Posted on February 23, 2017 in Drugs
Drug use has been an ongoing issue in the United States for the past few decades. Recently, drug overdoses have overtaken car accidents as the most common cause of accidental deaths in the country. Consequently, more people are advocating for better awareness programs and educational services to warn Americans about the dangers of drug use. Not only is drug and alcohol abuse unhealthy and potentially fatal on the individual level, it also costs American businesses in missed time from work, insurance claims, and lost productivity.
Most U.S. employers reserve the right to test job applicants for drug and alcohol use. More recently, companies have started offering reduced health insurance premiums to employees who abstain from nicotine use, as well. Past experimentation with drugs or being in recovery should not preclude a person from future employment.
If you’re facing a drug test for employment, it’s important to carefully assess several factors:
Depending on your frequency and the volume you consume, drugs will remain in your system for longer. For example, an occasional drug user will have a much better chance of passing a drug test than a daily user, even if they use the same drug.
Due to cost constraints, most companies only pay for drug testing done with a saliva sample. This method provides clear results, but in a much smaller window. Hair samples can test positive for much longer than saliva or urine samples but are more expensive and time-consuming to perform.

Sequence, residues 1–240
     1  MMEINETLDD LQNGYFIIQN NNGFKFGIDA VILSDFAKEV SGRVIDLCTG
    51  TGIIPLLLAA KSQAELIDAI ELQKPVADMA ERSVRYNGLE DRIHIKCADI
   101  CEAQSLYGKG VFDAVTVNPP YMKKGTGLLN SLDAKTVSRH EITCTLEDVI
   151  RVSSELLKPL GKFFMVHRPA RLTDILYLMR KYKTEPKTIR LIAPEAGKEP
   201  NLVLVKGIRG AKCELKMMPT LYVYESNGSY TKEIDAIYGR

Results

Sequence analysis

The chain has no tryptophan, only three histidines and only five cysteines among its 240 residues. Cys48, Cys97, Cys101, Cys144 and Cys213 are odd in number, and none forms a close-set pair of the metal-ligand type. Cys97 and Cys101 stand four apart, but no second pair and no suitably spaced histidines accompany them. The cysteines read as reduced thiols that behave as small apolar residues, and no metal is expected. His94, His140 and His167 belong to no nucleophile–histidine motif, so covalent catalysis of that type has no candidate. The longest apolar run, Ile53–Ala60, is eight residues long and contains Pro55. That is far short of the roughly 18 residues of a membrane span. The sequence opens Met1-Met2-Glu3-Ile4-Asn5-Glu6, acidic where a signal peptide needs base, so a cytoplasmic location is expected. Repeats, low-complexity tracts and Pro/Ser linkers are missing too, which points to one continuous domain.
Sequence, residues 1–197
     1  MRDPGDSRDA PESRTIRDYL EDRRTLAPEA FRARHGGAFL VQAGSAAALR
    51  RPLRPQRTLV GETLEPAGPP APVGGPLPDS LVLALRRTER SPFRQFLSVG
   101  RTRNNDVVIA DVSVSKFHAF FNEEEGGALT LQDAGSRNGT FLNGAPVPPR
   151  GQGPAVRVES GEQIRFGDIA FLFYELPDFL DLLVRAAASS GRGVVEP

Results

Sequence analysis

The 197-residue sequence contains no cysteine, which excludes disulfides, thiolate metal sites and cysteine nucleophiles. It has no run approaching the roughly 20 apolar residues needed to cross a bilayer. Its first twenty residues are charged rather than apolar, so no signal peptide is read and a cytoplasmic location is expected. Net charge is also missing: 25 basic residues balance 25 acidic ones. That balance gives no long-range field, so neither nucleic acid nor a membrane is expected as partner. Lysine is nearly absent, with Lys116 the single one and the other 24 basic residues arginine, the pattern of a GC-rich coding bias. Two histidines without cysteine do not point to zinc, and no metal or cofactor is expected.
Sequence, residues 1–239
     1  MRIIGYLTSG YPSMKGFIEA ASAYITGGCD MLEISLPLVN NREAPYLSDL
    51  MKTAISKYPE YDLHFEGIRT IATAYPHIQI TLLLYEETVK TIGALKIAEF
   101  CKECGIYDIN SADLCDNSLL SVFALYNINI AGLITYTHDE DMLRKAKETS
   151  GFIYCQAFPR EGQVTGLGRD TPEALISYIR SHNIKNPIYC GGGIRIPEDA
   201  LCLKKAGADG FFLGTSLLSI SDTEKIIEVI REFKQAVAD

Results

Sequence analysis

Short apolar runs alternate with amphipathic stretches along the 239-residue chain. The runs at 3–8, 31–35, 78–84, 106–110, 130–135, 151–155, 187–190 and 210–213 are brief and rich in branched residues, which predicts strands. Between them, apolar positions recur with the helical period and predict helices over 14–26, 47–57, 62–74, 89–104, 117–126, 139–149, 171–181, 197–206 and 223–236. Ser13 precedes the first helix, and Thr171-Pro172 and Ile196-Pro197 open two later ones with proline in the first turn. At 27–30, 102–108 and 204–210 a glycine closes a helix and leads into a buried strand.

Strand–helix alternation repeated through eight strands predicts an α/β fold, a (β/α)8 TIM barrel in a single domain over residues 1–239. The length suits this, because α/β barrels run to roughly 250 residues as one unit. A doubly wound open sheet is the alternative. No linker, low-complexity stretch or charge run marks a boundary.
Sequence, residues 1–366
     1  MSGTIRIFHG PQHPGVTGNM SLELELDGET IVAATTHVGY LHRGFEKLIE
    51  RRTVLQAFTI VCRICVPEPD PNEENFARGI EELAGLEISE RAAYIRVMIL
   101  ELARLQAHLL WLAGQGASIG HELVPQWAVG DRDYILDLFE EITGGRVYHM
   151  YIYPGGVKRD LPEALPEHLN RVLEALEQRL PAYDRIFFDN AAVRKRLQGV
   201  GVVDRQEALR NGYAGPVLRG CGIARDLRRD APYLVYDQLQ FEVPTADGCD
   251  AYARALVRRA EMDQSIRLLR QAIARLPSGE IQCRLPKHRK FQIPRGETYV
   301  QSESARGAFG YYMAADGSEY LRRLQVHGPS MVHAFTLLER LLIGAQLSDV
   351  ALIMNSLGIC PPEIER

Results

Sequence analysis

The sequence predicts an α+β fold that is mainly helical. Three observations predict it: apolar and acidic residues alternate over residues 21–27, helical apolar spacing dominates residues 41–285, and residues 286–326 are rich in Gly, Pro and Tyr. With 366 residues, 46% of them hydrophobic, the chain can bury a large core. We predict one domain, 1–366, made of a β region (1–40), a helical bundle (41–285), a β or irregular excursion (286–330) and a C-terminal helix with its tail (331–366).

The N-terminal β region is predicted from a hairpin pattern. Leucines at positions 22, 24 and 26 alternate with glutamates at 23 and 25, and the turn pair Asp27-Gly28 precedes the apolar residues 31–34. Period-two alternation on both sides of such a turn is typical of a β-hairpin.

It’s best to completely abstain from all drug and alcohol use once you find out about an impending test. Different substances will remain in your system longer than others, and the method used to take the drugs also can affect test results.
Below are some of the most commonly used drugs in the United States. Refer to this chart, but bear in mind that these timeframes are not consistent for every person, and should therefore only be used as a guideline:
Ultimately, the best way to beat a drug test is to abstain from taking drugs. It’s important to understand how various drugs affect the body and mind, as well as their long-term effects and potential for addiction. If you think you may have a problem, set your pride aside and seek help from a Phoenix drug crimes attorney before your habit worsens.
For more information, contact the criminal defense attorney Craig Orent. Give us a call at (480) 656-7301 or visit our law office at 11811 N Tatum Blvd UNIT 3031, Phoenix, AZ 85028. We offer a free case evaluation, so get the help you deserve today.